We’re too scared of everything and everyone we don’t know in the UK. It’s been ingrained into our culture and psyche over the last few decades by a constant barrage of fear-based politics and 24-hour news channels. I, for one, am sick of it, and my life improved the moment I stopped listening to those sources and started trusting my own judgement over that of advertisers.
The percentage of murderers, rapists and psychopaths in the population is extremely low, but you wouldn’t think it to hear all these people scream to me about the dangers of hitch-hiking. We teach our children about Stranger Danger, but the real danger is that we’re becoming far too scared of the world beyond our windows, clinging on to our comfort zones and refusing to deal with anybody who isn’t background-checked, risk-assessed and providing two references.
Both years on the Hitch, I was blown away by the kindness and generosity of total strangers all across western Europe. From Spain to Slovenia, people from all walks of life drove miles out of their way to help us, bought us food, taught us their language and on one occasion even took us home and let us stay at their house overnight. Nothing weird or bad happened to us, and not once did I fear for my safety or was made to feel uncomfortable, threatened or intimidated.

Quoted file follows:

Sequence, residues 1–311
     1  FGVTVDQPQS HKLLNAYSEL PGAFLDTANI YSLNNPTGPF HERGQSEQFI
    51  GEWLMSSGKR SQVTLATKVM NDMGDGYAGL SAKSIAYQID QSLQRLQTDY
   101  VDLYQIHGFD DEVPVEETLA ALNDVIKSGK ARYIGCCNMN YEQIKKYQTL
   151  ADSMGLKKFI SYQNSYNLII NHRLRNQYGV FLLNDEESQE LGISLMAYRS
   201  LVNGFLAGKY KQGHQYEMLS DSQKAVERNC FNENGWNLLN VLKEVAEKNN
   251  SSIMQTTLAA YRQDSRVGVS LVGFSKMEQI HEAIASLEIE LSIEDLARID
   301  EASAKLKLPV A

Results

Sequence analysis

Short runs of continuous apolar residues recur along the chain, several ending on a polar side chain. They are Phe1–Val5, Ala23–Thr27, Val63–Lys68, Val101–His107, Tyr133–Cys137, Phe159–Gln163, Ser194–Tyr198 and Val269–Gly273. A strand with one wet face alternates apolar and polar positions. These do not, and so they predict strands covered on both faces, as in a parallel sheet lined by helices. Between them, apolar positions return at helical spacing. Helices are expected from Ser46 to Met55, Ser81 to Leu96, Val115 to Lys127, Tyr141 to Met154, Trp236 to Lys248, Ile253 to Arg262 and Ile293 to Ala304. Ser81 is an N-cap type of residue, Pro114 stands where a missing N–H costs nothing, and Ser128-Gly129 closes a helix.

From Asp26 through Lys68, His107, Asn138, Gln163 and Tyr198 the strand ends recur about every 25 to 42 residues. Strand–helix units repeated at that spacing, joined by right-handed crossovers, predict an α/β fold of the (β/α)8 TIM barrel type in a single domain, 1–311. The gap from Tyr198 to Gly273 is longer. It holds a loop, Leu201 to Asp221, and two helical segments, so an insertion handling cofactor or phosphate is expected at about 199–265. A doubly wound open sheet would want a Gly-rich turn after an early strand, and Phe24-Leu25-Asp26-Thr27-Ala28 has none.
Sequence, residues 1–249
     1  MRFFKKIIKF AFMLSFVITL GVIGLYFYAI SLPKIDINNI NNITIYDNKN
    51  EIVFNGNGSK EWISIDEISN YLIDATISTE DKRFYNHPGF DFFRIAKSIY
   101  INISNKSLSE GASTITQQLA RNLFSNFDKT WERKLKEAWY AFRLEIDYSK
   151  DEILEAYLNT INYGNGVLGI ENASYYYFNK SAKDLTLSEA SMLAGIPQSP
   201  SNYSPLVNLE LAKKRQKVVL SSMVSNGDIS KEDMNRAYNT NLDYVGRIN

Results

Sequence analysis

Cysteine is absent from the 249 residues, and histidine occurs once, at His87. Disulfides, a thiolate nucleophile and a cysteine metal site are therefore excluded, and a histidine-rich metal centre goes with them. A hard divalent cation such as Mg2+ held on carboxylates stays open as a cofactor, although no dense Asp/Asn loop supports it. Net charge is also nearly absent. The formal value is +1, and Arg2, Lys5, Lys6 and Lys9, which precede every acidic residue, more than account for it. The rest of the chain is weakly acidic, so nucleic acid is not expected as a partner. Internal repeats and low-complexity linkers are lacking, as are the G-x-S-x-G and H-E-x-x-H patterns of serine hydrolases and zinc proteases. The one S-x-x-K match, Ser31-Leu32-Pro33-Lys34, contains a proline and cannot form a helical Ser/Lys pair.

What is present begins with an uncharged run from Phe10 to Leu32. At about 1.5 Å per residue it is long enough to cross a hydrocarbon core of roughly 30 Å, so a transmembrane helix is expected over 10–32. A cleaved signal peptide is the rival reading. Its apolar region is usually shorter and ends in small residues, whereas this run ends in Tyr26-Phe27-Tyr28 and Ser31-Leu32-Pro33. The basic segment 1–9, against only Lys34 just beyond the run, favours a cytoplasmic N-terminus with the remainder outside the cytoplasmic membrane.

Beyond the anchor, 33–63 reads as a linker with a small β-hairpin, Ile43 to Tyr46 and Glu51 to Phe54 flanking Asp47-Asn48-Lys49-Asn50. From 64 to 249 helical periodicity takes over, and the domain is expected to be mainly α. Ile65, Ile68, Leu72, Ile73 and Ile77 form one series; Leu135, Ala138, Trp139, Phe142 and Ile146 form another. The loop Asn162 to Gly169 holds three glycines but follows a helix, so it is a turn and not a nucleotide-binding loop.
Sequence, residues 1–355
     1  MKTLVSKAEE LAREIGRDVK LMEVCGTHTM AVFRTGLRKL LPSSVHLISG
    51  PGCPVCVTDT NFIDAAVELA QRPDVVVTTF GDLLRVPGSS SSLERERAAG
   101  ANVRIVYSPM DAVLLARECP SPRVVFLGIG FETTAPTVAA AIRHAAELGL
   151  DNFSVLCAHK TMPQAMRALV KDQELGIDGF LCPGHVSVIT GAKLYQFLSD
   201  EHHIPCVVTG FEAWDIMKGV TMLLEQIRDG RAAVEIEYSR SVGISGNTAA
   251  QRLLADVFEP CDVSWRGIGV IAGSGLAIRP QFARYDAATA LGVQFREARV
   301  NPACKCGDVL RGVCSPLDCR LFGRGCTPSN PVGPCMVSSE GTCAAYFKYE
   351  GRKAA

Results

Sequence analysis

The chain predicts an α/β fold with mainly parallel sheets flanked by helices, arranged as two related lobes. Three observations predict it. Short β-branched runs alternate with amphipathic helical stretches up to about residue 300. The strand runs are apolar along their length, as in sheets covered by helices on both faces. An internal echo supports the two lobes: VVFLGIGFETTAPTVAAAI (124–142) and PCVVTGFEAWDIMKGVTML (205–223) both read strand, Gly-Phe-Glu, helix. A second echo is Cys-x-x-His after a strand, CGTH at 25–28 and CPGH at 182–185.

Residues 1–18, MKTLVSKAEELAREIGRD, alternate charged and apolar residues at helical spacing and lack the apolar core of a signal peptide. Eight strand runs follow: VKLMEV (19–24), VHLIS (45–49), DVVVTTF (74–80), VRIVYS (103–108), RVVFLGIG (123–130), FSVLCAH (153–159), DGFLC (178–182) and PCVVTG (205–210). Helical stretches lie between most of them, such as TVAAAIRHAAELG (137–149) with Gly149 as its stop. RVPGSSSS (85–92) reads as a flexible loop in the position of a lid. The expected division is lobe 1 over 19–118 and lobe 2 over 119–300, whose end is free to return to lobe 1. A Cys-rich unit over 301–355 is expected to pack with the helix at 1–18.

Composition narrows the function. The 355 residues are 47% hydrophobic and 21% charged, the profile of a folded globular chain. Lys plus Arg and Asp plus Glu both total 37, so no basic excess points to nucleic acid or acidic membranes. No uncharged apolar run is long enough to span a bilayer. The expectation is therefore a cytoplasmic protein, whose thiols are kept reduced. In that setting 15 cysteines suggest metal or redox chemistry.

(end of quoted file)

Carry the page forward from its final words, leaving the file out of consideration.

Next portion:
Sorry to contradict what you were taught in primary school but: talk to strangers. You’ll be amazed how nice they can actually be. We have much more to gain as a society by becoming more open, compassionate and trusting in others than we have to lose by the occasional thing that goes wrong. And who knows, as you start to give the benefit of the doubt to others, you might find that they start doing the same to you.
The World Isn’t As Dangerous As You Think
Where did this idea that hitch-hiking is so dangerous come from? One driver I met on the 2011 Hitch, an American expat living in France who took us from Poitiers to Bordeaux, hit the nail right on the head:
“I used to hitch-hike a lot when I was younger,” he told me. “It was much more common back then, but I barely see anyone doing it now.”
“Why do you think that is?” I asked.
“Fear. We have a culture of fear in the States. It drives everything – politics, journalism, business – and it’s only getting worse.”